Record Latino turnout could change Arizona forever

Organizers predict the “sleeping giant” will finally wake up, and say this year will be nothing compared to 2020.

Fabiola Vejar, right, registers Stephanie Cardenas to vote in front of a Latino supermarket. CREDIT: AP Photo/John Locher
Fabiola Vejar, right, registers Stephanie Cardenas to vote in front of a Latino supermarket. CREDIT: AP Photo/John Locher

PHOENIX, ARIZONA — Surging Latino voter turnout in Florida, Georgia, North Carolina, and Nevada in the final days of the 2016 election has Republicans panicking.

In Arizona, where polls show a Democratic nominee within striking distance for the first time in decades, Latino voters’ level of participation this Tuesday could make the difference between Donald Trump or Hillary Clinton in the White House.

Former Arizona Gov. Jan Brewer, a Trump supporter, said recently that Republicans don’t have to worry about Latinos, because “they don’t vote.” Pita Juarez, who has worked with organizations registering voters of color in Arizona for six years, is eager to prove her wrong.

“The person of the year is going to be the Hispanic voter.”

“We guarantee record Latino turnout,” she said. “The person of the year is going to be the Hispanic voter.”

For decades, Latino voter participation has lagged behind nearly every other racial demographic. Though Latinos made up 30 percent of Maricopa County’s population in 2012, they represented under 15 percent of the votes cast that year. 517,000 Latinos registered to vote in the state in the last presidential election, and fewer than 300,000 ended up casting a ballot.

But this year, Latinos comprise a record 709,000 of Arizona’s 3.5 million registered voters. During early voting, the state saw a bigger surge in Latino voting than anywhere else in the country. Much of this spike has been fueled by millenials — since more than 2,000 Latinos turn 18 every month in Maricopa County alone.

One Arizona, a coalition of more than a dozen local organizations, registered 150,000 new voters of color, holding drives in churches, on college campuses, and outside grocery stores and libraries. For the last few months, they have been knocking on thousands of doors and sending hundreds of thousands of text messages to make sure the new registrants make it to the polls on Tuesday or mail in their ballot early.

Juarez, the communications director for One Arizona, says she is sick of the state’s Latino population growing in numbers, but not in political power.

“The narrative of the Latino vote being a ‘sleeping giant’ has been so hard to get rid of,” she told ThinkProgress. “You can’t expect a sleeping giant to get up and starting run. But we’ve been constantly engaging people for six years, doing whatever it takes, and I think it’s going to pay off.”

Aiming to boost participation, the group convinced at least 50,000 of the voters they registered to sign up for the state’s Permanent Early Voting List, called PEVL for short — a database of people who are automatically registered to vote early by mail.

“Once you’re on PEVL you’re three times more likely to vote,” Juarez said. “I know that for me, I get my ballot in the mail, I sign it, I seal it, and I have nothing else to worry about. Who doesn’t want that?”

CREDIT: Project New America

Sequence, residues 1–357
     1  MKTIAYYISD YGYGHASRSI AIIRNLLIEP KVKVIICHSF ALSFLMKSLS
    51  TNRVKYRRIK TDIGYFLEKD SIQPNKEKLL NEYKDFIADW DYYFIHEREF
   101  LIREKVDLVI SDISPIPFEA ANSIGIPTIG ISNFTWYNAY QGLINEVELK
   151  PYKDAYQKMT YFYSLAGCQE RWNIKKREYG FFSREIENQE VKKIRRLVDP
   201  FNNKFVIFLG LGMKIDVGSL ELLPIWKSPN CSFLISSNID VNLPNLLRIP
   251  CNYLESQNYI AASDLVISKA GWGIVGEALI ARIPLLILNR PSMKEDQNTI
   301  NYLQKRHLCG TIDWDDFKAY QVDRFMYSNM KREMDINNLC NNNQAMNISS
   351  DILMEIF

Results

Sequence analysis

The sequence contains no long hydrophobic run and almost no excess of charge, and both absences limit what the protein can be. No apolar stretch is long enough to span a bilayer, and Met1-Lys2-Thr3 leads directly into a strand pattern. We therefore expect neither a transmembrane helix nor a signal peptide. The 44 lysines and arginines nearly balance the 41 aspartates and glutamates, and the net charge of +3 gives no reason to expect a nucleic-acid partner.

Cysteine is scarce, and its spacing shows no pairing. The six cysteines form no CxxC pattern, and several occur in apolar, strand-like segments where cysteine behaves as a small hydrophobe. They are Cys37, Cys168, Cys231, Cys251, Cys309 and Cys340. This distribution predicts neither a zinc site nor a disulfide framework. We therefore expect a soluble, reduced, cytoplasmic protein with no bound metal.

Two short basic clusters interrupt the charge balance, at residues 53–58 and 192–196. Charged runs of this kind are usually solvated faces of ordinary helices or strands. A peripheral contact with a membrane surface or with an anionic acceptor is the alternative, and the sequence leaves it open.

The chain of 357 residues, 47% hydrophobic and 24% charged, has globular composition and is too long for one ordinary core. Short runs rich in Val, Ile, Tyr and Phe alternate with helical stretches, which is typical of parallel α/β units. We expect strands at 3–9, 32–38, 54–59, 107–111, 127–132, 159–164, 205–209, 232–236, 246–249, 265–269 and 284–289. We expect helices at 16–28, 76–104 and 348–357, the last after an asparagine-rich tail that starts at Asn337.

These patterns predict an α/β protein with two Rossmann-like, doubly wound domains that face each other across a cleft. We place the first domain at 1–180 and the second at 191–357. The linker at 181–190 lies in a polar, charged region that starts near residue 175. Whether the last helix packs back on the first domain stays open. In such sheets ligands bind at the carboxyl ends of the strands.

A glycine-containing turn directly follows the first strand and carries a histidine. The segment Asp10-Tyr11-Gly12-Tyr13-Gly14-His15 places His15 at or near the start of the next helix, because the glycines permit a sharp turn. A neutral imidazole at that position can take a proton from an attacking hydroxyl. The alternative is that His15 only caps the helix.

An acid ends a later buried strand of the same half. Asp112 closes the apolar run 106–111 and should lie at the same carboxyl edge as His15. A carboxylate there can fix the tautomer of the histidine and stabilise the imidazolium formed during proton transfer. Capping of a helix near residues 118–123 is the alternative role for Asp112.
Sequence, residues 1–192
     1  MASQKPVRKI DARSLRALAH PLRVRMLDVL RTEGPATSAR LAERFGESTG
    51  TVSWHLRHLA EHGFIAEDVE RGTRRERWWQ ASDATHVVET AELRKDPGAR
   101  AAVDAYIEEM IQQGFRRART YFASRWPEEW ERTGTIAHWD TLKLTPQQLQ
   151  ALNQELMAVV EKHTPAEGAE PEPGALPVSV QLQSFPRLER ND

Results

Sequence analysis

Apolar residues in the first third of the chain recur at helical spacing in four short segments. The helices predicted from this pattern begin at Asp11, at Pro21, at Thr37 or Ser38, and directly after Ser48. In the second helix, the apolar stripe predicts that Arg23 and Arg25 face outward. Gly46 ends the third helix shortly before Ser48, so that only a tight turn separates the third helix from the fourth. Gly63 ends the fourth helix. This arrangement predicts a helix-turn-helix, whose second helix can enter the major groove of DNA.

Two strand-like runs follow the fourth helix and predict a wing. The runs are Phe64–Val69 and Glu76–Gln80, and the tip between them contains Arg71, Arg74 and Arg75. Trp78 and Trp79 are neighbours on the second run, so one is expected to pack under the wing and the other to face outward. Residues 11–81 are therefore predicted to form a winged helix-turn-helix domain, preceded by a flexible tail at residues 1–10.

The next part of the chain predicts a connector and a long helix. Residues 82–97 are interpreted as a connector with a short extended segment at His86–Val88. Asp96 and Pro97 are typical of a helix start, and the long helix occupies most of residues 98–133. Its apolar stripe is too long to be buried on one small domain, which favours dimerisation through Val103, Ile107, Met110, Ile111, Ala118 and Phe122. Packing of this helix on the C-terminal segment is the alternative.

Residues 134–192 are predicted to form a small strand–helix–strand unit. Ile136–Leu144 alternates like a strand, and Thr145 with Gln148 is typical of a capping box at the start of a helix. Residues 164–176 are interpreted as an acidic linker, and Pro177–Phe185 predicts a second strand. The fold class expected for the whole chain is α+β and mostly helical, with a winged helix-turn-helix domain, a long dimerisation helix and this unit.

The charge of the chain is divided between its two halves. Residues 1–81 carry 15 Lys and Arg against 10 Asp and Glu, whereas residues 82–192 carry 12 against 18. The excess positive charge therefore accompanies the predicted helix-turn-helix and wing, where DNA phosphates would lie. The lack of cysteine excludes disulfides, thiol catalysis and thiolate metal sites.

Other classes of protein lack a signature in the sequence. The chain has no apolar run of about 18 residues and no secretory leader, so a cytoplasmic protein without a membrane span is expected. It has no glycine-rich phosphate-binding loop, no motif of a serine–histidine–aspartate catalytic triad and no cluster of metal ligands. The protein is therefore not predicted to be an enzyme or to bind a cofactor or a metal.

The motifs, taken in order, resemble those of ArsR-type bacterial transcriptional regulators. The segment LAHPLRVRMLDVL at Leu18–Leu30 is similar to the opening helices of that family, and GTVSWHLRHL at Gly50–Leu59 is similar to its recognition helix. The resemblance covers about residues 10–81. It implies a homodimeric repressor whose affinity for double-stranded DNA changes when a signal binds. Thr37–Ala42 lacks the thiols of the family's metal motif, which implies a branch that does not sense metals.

CREDIT: Project New America

Many of the dozens of staffers and volunteers responsible for the record-shattering registration numbers can’t vote themselves. Some are undocumented immigrants, and others, like Merari Garrido, are still a few years away from turning 18.

Like many Latinos in Phoenix, Garrido is motivated not only by the prospect of stopping Trump, but also by the possibility of ending the 23-year career of Sheriff Joe Arpaio.

“Trump and Arpaio depict my people as criminals and rapists, but we are not that,” she told ThinkProgress after a long day of canvassing voters in Phoenix. “We’re just nice people working to change things for the better. It’s disappointing how much they terrorize and attack our families. It gets me so frustrated that people follow them.”

Garrido’s father was detained and deported by Sheriff Arpaio’s deputies when she was 10 years old. She bounced around between different family members for years after that, and struggled to help care for her four younger siblings.

“I didn’t want anyone else to experience what I experienced,” she said. “I had to do something.”

“Muslims, Latinos, other people of color, we can vote, and we can vote for the things we believe in.”

For the past six months, Garrido has been registering voters, and she now spends at least part of every day knocking on doors in Phoenix to get out the vote. She began as a volunteer, and was later offered a paid part-time job with Central Arizonans for Sustainable Economy (CASE). On Friday, she led a walkout of hundreds of students at North High School to protest Trump and Arpaio’s rhetoric about immigrants and to drum up excitement for Tuesday’s election.

“Muslims, Latinos, other people of color, we can vote, and we can vote for the things we believe in. Most of the time our voice isn’t heard, because this is a Republican state. But I know we can change Arizona blue.”

Juarez said high Latino turnout on Tuesday could do more than just change which party controls Arizona. It could put more Latinos in local office — where they are under-represented — and make politicians in the state think twice before passing bills that target immigrants and their families. One Arizona hopes, for example, to flip the state senate from a Republican supermajority to an even Democratic-Republican split.

“We want people who reflect our communities, who reflect our values, who represent us,” she said. “But we also want them to know that no matter who they are, no matter what party, there will be accountability.”